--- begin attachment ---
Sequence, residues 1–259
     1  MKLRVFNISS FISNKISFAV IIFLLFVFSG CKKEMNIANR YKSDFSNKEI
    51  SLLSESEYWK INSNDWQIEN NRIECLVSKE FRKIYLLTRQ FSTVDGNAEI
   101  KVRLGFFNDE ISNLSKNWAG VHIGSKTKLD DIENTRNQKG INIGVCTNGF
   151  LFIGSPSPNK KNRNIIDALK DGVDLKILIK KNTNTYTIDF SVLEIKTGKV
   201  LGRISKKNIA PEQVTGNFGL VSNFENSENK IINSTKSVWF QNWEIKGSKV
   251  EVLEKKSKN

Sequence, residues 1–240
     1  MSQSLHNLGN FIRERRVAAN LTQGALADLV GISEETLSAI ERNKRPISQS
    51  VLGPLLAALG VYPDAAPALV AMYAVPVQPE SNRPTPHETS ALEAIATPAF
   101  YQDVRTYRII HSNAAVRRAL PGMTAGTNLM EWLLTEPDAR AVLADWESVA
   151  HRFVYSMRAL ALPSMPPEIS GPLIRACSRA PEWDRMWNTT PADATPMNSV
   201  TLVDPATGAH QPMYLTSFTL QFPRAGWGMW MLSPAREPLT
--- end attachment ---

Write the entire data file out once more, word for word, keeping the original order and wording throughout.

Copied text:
Sequence, residues 1–259
     1  MKLRVFNISS FISNKISFAV IIFLLFVFSG CKKEMNIANR YKSDFSNKEI
    51  SLLSESEYWK INSNDWQIEN NRIECLVSKE FRKIYLLTRQ FSTVDGNAEI
   101  KVRLGFFNDE ISNLSKNWAG VHIGSKTKLD DIENTRNQKG INIGVCTNGF
   151  LFIGSPSPNK KNRNIIDALK DGVDLKILIK KNTNTYTIDF SVLEIKTGKV
   201  LGRISKKNIA PEQVTGNFGL VSNFENSENK IINSTKSVWF QNWEIKGSKV
   251  EVLEKKSKN

Sequence, residues 1–240
     1  MSQSLHNLGN FIRERRVAAN LTQGALADLV GISEETLSAI ERNKRPISQS
    51  VLGPLLAALG VYPDAAPALV AMYAVPVQPE SNRPTPHETS ALEAIATPAF
   101  YQDVRTYRII HSNAAVRRAL PGMTAGTNLM EWLLTEPDAR AVLADWESVA
   151  HRFVYSMRAL ALPSMPPEIS GPLIRACSRA PEWDRMWNTT PADATPMNSV
   201  TLVDPATGAH QPMYLTSFTL QFPRAGWGMW MLSPAREPLT